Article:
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pharmaceutical industry

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Journal Article
World Policy Journal (2016) 33 (1): 88–95.
Published: 01 March 2016
... taxes pharmaceutical industry inversion tax havens RUSTY CLARK RUSTY CLARK In the 1990s and early 2000s, pharmaceutical companies commanded entire towns in Puerto Rico. Every year, Barceloneta, a coastal community dubbed “Ciudad Viagra,” churned out some 100 million of Pfizer’s little...
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Journal Article
World Policy Journal (2017) 34 (2): 109–114.
Published: 01 June 2017
..., and the resources they’ve pumped into African nations have helped improve the quality of life for many individuals. But, as Halperin and Timberg write, “The creation of such an extensive industry creates its own political and financial imperatives.” It’s not clear why PEPFAR’s contracts are so difficult...
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Journal Article
World Policy Journal (2011) 28 (3): 17–21.
Published: 01 September 2011
... but compete internationally against the same multinationals that supplied them with the knowledge and skills in the first place. “Bad” policies are strategies like import substitution industrialization that a country believes will help it, but in fact do more harm than good to the country’s economy...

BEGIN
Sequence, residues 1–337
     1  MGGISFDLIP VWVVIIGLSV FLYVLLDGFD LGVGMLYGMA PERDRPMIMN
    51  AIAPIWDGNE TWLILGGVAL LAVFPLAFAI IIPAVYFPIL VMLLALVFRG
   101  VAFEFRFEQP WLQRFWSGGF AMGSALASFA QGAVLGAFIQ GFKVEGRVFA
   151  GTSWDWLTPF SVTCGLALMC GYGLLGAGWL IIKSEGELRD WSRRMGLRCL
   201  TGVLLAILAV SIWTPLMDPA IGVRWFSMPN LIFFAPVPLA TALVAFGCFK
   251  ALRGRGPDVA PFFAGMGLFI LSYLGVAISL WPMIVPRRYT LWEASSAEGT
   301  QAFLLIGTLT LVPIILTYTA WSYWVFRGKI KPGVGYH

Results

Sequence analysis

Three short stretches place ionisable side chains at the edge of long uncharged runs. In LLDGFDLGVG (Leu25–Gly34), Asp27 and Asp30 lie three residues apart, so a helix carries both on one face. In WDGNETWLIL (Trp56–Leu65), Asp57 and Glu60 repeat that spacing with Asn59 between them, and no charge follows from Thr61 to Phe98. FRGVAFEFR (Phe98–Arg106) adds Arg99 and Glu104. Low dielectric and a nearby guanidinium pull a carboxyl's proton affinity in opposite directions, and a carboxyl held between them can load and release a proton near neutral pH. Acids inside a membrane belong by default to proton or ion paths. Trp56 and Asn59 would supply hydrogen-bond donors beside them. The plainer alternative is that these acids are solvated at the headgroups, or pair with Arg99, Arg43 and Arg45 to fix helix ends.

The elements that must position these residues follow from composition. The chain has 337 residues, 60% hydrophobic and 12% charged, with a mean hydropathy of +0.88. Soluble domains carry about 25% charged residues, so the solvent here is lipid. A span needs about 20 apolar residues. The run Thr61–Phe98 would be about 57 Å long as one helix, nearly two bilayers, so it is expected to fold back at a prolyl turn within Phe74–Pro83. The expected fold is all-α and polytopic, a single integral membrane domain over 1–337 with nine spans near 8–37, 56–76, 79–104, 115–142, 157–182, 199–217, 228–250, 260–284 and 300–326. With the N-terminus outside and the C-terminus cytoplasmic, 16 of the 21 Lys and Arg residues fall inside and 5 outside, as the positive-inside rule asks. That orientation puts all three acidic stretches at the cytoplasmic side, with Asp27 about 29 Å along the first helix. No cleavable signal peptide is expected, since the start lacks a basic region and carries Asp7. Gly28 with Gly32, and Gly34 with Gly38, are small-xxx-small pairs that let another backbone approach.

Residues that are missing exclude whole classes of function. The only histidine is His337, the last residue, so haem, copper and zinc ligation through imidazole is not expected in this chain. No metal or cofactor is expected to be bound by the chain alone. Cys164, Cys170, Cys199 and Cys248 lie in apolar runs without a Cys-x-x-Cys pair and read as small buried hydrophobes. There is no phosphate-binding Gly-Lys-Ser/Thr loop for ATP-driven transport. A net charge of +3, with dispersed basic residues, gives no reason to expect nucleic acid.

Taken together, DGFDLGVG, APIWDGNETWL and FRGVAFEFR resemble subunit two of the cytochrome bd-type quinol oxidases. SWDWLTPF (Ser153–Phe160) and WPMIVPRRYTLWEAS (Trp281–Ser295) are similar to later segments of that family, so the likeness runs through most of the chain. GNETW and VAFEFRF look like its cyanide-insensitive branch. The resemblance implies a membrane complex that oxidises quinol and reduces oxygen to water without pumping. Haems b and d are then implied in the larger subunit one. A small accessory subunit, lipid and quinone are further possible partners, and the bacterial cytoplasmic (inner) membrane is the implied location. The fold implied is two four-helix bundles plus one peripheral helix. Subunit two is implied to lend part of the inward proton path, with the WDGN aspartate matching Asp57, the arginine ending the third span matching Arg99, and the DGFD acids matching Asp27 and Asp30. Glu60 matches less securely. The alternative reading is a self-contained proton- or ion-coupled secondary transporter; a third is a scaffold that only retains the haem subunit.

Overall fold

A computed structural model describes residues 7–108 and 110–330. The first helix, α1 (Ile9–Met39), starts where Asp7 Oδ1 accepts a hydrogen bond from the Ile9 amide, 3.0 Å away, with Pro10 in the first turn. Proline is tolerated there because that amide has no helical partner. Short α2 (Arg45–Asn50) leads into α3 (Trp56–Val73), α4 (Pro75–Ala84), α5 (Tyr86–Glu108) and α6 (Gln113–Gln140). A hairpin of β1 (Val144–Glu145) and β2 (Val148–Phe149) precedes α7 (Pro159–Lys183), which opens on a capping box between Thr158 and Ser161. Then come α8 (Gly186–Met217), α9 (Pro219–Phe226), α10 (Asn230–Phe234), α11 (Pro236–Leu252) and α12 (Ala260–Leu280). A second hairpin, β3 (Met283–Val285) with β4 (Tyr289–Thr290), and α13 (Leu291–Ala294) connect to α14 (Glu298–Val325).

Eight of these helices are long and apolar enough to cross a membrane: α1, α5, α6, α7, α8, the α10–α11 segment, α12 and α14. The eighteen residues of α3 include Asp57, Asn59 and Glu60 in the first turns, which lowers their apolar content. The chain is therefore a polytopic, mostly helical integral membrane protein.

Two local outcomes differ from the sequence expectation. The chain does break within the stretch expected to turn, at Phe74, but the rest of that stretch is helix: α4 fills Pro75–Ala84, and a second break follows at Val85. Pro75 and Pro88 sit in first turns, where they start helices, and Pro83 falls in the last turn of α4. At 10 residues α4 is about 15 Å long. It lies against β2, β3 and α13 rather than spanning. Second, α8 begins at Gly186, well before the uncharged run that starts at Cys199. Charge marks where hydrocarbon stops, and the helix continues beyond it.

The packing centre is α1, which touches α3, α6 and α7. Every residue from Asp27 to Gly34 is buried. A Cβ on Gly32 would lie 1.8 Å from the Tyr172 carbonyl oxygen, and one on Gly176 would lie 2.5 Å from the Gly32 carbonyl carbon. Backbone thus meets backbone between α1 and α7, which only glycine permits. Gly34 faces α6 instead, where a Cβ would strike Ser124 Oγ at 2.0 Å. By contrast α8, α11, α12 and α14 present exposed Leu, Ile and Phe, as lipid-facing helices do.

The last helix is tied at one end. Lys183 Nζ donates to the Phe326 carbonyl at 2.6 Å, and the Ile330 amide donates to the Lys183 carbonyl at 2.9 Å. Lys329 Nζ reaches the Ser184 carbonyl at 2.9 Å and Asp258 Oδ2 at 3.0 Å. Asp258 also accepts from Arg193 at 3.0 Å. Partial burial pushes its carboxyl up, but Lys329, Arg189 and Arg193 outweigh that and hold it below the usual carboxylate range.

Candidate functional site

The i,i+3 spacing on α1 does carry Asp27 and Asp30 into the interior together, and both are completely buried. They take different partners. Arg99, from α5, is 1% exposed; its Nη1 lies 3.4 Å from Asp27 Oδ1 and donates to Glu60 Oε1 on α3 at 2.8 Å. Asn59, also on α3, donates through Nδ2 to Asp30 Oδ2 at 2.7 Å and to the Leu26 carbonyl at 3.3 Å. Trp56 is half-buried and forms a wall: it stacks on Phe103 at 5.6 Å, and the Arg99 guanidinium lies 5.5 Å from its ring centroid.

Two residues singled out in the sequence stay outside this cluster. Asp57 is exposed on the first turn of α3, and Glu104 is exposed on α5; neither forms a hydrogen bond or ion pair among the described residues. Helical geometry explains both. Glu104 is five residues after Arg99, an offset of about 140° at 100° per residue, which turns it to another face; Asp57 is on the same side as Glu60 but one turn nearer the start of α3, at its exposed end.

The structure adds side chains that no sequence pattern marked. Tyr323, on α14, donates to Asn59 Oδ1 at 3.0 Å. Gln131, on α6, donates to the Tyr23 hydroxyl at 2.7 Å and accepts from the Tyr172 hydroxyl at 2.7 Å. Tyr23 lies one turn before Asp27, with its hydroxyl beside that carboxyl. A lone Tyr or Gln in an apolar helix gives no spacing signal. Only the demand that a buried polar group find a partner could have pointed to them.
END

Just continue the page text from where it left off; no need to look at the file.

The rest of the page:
Journal Article
World Policy Journal (2014) 31 (2): 14–19.
Published: 01 June 2014
... regulation—shuffling debts into a convenient oblivion from an inconvenient line on a balance sheet. For an industry that sucks up a disproportionate number of the world’s brightest people, one might hope for the sort of exciting innovations that the tech or pharmaceutical sectors uncover relentlessly. Yet...
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Journal Article
World Policy Journal (2005) 22 (2): 45–49.
Published: 01 June 2005
..., business plans, and other back­ nology (i t ) services sector and Dr. Reddy’s ground research as they begin their quest for Laboratories and Ranbaxy Pharmaceuticals the next big investment opportunity on the in the healthcare sector are excellent exam­ subcontinent. Some of the world’s leading ples...
Journal Article
World Policy Journal (2016) 33 (4): 35–38.
Published: 01 December 2016
... have? AGF: We depend a lot on foreign labor. We import workers from quite a few countries, and we’re very grateful for this, because they do contribute a lot to the economy and will continue to do so moving forward. We need them in textiles and in the construction industry. We have a very...
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Journal Article
World Policy Journal (2014) 31 (3): 41–48.
Published: 01 September 2014
... for copyright issues. They have collaborations with major pharmaceutical companies and other industry groups about removing links from Google search results that I don’t personally know about. We don’t know because Google doesn’t publish information about all the links they remove. This has been going...
Journal Article
World Policy Journal (2003) 20 (2): 43–50.
Published: 01 June 2003
... magazine, “I don’t think there are any par­ ing to the U.S. corn industry had lost a bil­ ticular heroes or villains in this whole thing, lion dollars in exports. At the end of May it’s just a balls-up.”7 this year, the United States filed the equiva­ lent of a lawsuit at the World Trade Organi­...
Journal Article
World Policy Journal (2015) 32 (4): 51–56.
Published: 01 December 2015